Economy cars. They are compact, therefore they are light. They also have enough space for a bigger engine if you are willing to sacrifice some practicality. Or, in some cases, all of it.

Luckily, some manufacturers were more than willing, and these are their ten craziest creations from the budget segment:

10.) Nissan Pulsar GTI-R

For four years starting in 1990, Nissan offered a 230 horsepower all-wheel drive mini rally car in order to qualify in the Group A class. It's a badass machine.


Mazda had something similar with the 323 GTX, which was a bit down on power, but used a completely unique all-wheel drive chassis with the 323's body on top. If you're looking for a modern alternative, that would be the Mazdaspeed 3...

Suggested By: musicpimp, Photo Credit: Wikipedia

9.) Ford Focus RS500

It was a synonym of crazy when it come out. 350 horses from a 2.5-litre 5-cylinder engine with 340 pound feet of torque. Darth Vader's economy car indeed.

The Sierra RS500 and the Escort Cosworth all over again.

Suggested By: Victorious Secret, Photo Credit: Ford

8.) Audi A1 Quattro

The A1 Quattro is a limited edition all-wheel drive hatchback with 600 modified parts compared to a normal A1 showing us that the VAG empire has the money to play around with. 333 were built, and rumor has it that the Dutch prince has one. I can see why.


Of course, in case you've missed this round, take a look at what's possible with a Subaru Justy...

Suggested By: Somethingwittyer is the Anti-Grammar Hammer

7.) Abarth 600

You weren't ever supposed to close it's engine cover. Is that crazy enough for you?

Suggested By: SennaMP4, Photo Credit: Fiat

6.) AMC Gremlin Randall 401-XR

Wow, this is something new, thanks to JEM:

From wikipedia:

Randall AMC dealership in Mesa, Arizona received AMC's endorsement to build 401 cu in (6.6 L) V8 powered Gremlins. The cars started out as 304 V8 models from the factory and after Randall's modifications would run 13.90's at 103-106 miles per hour (171 km/h) in the quarter mile, for $2,995 (US$15,489 in 2013 dollars). Known as the Randall 401-XR (X for Gremlin X, R for Randall), a total of twenty cars were built for the street and one for the strip during 1972, 1973, and 1974. Car Craft magazine tested one with some modifications and achieved 115.07 miles per hour (185 km/h) in 12.22 seconds while still remaining a "totally streetable, daily-driver"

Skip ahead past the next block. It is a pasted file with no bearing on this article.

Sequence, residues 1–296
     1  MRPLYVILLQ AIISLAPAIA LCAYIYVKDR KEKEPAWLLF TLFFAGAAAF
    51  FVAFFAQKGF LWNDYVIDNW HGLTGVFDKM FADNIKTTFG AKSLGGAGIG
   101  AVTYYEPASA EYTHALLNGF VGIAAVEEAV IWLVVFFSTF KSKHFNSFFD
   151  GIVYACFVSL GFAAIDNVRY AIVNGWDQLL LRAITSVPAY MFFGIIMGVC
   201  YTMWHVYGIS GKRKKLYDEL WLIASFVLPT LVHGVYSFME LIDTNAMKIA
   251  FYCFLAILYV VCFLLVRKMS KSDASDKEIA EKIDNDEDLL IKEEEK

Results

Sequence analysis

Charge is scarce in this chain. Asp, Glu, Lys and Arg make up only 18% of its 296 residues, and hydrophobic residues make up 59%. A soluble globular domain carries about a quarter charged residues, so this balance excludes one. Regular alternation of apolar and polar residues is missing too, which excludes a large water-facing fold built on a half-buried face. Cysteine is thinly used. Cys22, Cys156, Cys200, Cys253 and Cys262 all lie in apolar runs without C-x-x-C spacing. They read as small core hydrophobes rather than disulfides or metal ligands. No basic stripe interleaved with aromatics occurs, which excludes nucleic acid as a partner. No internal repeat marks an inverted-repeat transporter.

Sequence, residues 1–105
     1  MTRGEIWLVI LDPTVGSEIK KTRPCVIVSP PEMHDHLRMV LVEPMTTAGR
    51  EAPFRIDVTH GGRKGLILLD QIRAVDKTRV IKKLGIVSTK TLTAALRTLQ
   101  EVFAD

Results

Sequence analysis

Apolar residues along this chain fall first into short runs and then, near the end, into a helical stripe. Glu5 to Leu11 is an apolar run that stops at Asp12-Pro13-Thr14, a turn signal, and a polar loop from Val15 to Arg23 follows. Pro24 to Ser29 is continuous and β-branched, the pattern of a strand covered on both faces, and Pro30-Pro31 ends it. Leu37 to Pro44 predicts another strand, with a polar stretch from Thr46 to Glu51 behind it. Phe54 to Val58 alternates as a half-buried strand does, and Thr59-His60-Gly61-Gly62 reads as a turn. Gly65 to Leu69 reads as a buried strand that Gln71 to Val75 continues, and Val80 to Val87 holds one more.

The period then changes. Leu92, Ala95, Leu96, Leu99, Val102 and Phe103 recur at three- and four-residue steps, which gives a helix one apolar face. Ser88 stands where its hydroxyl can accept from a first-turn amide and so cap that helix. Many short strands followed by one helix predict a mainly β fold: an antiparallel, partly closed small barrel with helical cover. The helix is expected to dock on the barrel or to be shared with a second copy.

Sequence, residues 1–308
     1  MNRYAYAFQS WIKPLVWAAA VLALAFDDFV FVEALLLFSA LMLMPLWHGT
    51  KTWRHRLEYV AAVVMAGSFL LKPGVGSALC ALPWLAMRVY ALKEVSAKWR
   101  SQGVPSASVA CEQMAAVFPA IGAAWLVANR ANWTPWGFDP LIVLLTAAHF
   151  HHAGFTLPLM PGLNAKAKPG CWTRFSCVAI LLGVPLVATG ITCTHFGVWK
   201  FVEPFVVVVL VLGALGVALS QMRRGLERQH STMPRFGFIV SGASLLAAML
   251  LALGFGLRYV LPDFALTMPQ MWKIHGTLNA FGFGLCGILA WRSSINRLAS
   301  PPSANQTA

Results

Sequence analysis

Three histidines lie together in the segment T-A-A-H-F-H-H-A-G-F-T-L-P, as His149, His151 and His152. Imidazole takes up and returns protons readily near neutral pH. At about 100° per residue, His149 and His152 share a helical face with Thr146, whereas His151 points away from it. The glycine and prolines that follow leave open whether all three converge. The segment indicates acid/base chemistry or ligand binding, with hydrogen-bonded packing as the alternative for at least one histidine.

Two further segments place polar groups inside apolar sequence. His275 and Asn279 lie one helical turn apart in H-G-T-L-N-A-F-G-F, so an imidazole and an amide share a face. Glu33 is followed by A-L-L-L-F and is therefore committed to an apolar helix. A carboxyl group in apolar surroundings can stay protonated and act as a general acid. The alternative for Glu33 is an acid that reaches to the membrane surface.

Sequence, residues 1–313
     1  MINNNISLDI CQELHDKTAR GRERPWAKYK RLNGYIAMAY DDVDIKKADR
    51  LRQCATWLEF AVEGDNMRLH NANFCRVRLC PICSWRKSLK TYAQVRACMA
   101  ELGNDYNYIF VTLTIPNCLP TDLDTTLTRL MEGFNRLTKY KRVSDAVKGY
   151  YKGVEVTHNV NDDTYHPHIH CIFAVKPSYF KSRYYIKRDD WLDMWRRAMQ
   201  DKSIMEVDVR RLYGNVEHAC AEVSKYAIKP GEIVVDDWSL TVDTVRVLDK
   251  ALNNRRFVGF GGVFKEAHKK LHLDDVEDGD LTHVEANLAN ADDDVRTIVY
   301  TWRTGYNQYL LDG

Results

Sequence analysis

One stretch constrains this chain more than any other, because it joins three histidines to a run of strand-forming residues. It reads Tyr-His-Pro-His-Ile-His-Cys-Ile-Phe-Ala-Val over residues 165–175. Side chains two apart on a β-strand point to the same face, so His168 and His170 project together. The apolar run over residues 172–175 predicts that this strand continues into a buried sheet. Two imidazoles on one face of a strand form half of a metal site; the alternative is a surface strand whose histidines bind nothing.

If that's not a batshit insane economy car, I don't know what is.

Well, how about a Dodge Dart with a Hemi?

Suggested By: JEM, Photo Credit: Wikipedia

5.) Lancia Delta HF Integrale

Well, this one is a legend, isn't it? First with eight, then with sixteen valves, these two-litre turbo monsters were the fastest out there when your team of experts could actually make them work. A cassette shaken very fast.

And if that wasn't enough for you, the S4 had a "street legal" version...

Suggested By: Highball!, Photo Credit: Lancia

4.) Shelby GLHS

It's ain't a Cobra, but it's no snail either...

Suggested By: Arch Duke Maxyenko, a Dyslexic, Photo Credit: Chrysler

3.) Ford Festiva Shogun

A late night project done well.

Suggested By: SennaMP4

2.) Renault 5 Turbo

Most of you think the Clio V6 was insane, but imagine the same with an early turbo engine and much smaller brakes...

moarpowerr had this to say about the experience:

I had the pleasure of talking to the owner of one of two of these cars in canada. He gave me a ride and my god this thing is insane. With the engine in the cabin with you, it can get deafening in there. This car was truly the definition of an economy car gone insane.

Suggested By: Brian, The Life of, Photo Credit: Wikipedia

1.) MG 6R4

I know, I know. This had nothing but the headlamps in common with the Austin Metro economy car. But it's CRAZY, and it wins, because racecar.

Suggested By: bobrayner

Welcome back to Answers of the Day - our daily Jalopnik feature where we take the best ten responses from the previous day's Question of the Day and shine it up to show off. It's by you and for you, the Jalopnik readers. Enjoy!

Top Photo Credit: Lancia